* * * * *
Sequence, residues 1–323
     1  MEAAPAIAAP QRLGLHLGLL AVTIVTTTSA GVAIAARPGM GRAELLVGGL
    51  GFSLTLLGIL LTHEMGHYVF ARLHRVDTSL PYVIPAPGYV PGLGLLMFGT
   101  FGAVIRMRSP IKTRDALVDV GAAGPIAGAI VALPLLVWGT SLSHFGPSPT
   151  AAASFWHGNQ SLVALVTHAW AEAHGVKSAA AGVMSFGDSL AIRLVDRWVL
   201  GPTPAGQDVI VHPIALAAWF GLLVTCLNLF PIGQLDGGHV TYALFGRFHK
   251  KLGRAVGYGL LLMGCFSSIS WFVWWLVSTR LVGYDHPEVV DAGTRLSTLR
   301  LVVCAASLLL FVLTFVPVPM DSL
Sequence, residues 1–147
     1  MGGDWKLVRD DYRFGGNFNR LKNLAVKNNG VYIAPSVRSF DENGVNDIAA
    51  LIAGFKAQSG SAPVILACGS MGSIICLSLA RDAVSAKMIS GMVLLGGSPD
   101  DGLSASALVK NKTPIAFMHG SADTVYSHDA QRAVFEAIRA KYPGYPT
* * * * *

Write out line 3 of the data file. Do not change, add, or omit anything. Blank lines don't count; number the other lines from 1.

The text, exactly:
    51  GFSLTLLGIL LTHEMGHYVF ARLHRVDTSL PYVIPAPGYV PGLGLLMFGT